Trial Registration  ClinicalTrials.gov Identifier: NCT02034864

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    3 Comments for this article
    Tribulations of Trials without Diagnosis
    Tim Germon, BSc, MBChB, FRCS(SN), MD | University Hospitals Plymouth
    I was interested to read this paper but would be grateful for some further explanation. My questions can be applied to any condition which is treated as a diagnosis, when it is in fact a symptom.

    Non-specific low back pain by definition is pain for which an explanation has not been found. It is not clear from the methods what effort was made to ensure there was no structural explanation for a person's pain? In particular, it does not appear that imaging the spine was a requirement. Therefore, people who are included in the trial could be suffering from
    unrecognised dural compression, an insufficiency fracture or some other structural abnormality which may explain their pain. In my experience as a spinal neurosurgeon this is not an uncommon scenario. At the other end of the spectrum, a MRI scan may be completely normal in which case the possibility of a significant mood disorder being present is much higher.1 Therefore, the pain experienced by people included in the study will be a symptom of these potential, very diverse causes, as well as many more. Can the authors explain the rationale for treating all these people as if they have the same diagnosis and how outcomes can be compared when the diagnosis is actually unknown? More specifically, exactly what diagnosis does osteopathy treat and what is its mechanism of action?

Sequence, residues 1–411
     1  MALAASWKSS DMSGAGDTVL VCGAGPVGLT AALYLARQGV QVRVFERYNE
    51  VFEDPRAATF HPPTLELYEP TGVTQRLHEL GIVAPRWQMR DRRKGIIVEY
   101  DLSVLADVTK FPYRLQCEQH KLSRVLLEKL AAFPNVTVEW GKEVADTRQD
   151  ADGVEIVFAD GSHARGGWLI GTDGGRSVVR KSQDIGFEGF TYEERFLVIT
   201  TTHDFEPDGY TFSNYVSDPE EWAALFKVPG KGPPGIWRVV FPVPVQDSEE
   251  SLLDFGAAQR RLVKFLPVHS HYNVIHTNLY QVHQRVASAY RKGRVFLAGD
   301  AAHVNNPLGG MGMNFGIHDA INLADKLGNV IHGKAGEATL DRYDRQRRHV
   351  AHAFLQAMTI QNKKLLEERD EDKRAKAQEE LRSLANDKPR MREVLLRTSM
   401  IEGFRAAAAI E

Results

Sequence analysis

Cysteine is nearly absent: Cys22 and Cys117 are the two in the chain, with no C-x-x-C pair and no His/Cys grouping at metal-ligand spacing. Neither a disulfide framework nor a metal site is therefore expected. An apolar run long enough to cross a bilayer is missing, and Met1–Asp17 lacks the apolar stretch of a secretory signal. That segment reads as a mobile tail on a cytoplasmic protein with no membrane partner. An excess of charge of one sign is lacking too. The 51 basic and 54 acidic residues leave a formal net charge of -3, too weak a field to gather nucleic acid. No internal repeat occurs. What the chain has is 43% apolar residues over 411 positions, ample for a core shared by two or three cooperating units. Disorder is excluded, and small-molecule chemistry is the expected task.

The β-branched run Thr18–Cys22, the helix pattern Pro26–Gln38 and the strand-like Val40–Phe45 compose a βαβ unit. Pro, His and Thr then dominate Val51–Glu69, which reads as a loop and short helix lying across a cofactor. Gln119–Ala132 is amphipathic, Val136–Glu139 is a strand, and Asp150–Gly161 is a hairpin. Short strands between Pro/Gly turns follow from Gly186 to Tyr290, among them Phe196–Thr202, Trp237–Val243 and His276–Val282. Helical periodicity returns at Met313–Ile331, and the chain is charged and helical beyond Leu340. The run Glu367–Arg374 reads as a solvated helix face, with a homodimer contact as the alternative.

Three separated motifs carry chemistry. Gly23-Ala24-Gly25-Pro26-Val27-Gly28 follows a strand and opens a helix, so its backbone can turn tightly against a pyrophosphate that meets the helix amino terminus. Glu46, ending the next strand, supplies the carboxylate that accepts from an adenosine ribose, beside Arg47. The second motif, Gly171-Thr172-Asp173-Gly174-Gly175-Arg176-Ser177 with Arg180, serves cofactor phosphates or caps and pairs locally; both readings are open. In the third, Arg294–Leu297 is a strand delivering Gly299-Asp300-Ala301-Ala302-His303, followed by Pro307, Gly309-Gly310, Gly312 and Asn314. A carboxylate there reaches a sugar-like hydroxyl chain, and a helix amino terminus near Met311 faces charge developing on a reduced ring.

1. JAMA Network Open. 2020;3(7):e2011520. doi:10.1001/jamanetworkopen.2020.11520
    Statistical analysis concerns, and methodological gaps
    Yannick FLECK, Osteopathe DO, ISPED DU | Conservatoire Supérieur d'Osteopathy CSO Paris, Head of Research and Master Thesis department
    Several biases seem to appear in the statistical analysis :

    - First and most concerning : an ITT analysis has been conducted, which is actually the most valuable, theoretically, but lost to follow-up population at 3 months is already at 19% (primary outcome), and even 35% at 12 months (secondary outcomes). the results haven't been confronted to a per-protocol analysis : this weakens the study's results, by exposing to an inflation of false positive. As both OMT and Sham-OMT groups suffered the same dropouts, a second analysis  could be conducted to verify the assumptions;

    -The population seem to